[Lingtyp] R: coronavirus and Zipf

Ernei Ribeiro ernei8299 at gmail.com
Sat May 2 08:48:15 EDT 2020


Dear Natalia,

In Brazilian Portuguese, the humorous form *coronga vírus* (or sometimes
only *coronga*) is being used. Coronga is a species of fish, but I
think that the word is unrelated to this. This form is used just because it
sounds funny.

Best,
Ernei

On Sat, May 2, 2020 at 8:27 PM Paolo Ramat <paoram at unipv.it> wrote:

> Dear All,
>
> the short form for *coronavirus* is Covid-19. As in Russian, Ital. *corona
> *means* ‘*crown’; therefore it is not used as clipping for the virus
> name;  and there have been jokes like the Russian on Prince Charles.
>
>
>
> Best wishes and take care, without Clorox injections as it has been
> suggested…
>
>
>
> P.Rt.
>
>
>
> *Da:* Lingtyp [mailto:lingtyp-bounces at listserv.linguistlist.org] *Per
> conto di *Natalia Levshina
> *Inviato:* sabato 2 maggio 2020 12:47
> *A:* lingtyp at listserv.linguistlist.org
> *Oggetto:* [Lingtyp] coronavirus and Zipf
>
>
>
> Dear colleagues,
>
>
>
> I'm writing an informal blog post about the impact of the coronavirus
> pandemic on language, with a focus on Zipf's correlation between frequency
> and word/expression length. For example, the clipping *corona (*from*
> coronavirus) *is becoming increasingly popular in English:
> https://public.oed.com/blog/corpus-analysis-of-the-language-of-covid-19/
>
> I also have some data from Dutch, German, Russian and Polish. I'm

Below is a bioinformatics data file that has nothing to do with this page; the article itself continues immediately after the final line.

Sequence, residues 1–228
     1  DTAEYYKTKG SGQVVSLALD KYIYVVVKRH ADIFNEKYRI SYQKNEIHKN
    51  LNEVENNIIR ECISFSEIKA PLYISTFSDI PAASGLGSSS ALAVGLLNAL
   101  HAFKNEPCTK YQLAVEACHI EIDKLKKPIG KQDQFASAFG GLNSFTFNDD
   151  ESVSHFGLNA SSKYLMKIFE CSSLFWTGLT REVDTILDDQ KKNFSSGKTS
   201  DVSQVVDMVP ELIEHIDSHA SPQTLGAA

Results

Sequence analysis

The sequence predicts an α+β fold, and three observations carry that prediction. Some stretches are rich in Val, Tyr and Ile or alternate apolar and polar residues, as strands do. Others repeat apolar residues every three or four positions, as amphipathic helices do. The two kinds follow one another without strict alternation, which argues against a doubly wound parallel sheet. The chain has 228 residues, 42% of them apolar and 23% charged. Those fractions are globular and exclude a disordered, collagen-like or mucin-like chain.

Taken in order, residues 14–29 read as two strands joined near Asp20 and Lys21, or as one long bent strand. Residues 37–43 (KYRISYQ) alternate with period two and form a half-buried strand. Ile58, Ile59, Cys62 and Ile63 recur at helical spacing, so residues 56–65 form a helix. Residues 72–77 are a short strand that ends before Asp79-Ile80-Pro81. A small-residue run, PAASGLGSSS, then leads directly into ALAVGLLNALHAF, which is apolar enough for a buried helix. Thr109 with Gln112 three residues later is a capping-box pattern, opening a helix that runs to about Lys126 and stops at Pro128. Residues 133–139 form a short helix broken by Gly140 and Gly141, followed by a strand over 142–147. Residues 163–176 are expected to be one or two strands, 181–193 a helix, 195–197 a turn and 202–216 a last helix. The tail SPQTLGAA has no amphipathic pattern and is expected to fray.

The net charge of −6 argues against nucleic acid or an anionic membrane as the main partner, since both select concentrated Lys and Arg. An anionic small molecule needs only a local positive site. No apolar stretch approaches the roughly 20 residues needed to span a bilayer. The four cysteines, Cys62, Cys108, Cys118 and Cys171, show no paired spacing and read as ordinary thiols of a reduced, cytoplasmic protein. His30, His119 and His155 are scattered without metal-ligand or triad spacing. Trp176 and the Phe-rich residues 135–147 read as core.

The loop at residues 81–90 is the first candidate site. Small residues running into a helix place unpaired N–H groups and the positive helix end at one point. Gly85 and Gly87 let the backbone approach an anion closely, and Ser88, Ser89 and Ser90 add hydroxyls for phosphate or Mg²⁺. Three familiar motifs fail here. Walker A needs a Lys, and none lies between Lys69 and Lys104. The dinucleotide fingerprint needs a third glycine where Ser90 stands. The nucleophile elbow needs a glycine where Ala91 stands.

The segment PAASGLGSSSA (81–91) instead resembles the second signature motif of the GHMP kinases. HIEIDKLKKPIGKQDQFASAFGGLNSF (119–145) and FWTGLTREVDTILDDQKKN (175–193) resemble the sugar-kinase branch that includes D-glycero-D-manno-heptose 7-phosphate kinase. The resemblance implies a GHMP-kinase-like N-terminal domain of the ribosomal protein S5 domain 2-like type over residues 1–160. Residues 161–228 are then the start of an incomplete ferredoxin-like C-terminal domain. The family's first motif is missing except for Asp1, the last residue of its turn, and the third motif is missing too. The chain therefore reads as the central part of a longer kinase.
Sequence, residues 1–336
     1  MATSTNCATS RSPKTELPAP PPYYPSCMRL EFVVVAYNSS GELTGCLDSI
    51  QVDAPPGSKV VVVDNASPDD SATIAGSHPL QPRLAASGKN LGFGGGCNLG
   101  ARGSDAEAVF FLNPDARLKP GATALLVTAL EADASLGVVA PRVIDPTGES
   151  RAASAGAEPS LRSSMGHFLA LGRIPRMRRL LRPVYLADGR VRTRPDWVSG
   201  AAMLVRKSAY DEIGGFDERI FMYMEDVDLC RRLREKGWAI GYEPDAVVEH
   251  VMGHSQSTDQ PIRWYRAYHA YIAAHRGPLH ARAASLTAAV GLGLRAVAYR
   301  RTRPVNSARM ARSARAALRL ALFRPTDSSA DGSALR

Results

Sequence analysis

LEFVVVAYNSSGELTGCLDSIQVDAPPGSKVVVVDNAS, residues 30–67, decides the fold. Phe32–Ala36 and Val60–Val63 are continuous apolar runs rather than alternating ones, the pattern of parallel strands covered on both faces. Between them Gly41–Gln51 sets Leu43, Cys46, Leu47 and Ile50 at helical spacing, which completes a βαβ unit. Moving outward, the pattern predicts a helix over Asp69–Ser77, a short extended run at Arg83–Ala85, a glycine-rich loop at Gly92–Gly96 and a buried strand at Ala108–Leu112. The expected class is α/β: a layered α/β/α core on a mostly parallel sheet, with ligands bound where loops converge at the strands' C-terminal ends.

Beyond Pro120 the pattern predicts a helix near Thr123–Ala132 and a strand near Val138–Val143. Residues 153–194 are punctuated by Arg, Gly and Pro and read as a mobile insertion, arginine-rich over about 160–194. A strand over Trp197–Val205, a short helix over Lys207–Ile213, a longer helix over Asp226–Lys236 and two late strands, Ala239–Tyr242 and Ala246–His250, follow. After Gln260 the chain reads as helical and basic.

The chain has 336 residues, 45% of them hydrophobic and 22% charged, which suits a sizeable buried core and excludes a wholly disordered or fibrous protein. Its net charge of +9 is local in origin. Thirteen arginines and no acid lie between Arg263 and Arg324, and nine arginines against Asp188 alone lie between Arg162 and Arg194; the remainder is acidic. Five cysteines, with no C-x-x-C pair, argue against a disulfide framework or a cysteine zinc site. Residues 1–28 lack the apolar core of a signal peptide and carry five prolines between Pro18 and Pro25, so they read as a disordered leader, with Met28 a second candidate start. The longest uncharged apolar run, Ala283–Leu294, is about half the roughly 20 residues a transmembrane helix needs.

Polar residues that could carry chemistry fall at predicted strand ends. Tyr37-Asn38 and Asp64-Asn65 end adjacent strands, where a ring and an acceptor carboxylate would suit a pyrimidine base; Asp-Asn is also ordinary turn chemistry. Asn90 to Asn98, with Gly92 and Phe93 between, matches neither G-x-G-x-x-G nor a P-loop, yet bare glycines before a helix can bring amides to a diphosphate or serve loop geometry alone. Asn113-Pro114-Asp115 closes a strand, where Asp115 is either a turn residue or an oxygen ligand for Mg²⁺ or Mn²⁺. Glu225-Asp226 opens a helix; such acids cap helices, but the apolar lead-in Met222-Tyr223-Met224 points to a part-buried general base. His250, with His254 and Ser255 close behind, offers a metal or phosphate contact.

> wondering how other languages behave in that respect. In particular,
>
>
>
> 1) Is there a shorter form for coronavirus, like *corona*? Can it only
> refer to the virus, or also to the pandemic and the disease?
>
> 2) If there is such a form, is it used widely or occasionally (e.g.
> humorously/creatively/in quotes)? For example, in Russian *koronavirus* is
> the preferred form because *korona* means 'a crown'. There's an
> untranslatable Russian joke, *Prince Charles finally got a crown
> (korona), but it was the wrong one.*
>
> 3) Is there a popular everyday (i.e. non-astronomic) meaning of the word
> that corresponds to corona in that language (e.g. a crown, like in Russian)?
>
>
>
>
>
> 4) Also, are there any other abbreviations or substitutions (e.g. the use
> of a shorter formally unrelated word, like *car* instead of *automobile*)
> related to the pandemic you have observed?
>
>
>
> I promise to post a summary if I get enough interesting data.
>
>
>
> Many thanks and stay corona(virus)-free!
>
>
>
> Natalia Levshina
>
>
>
> --
>
> Natalia Levshina
>
> Max Planck Institute for Psycholinguistics
>
> Wundtlaan 1, 6525 XD Nijmegen
>
> The Netherlands
>
>
>
>
>
>
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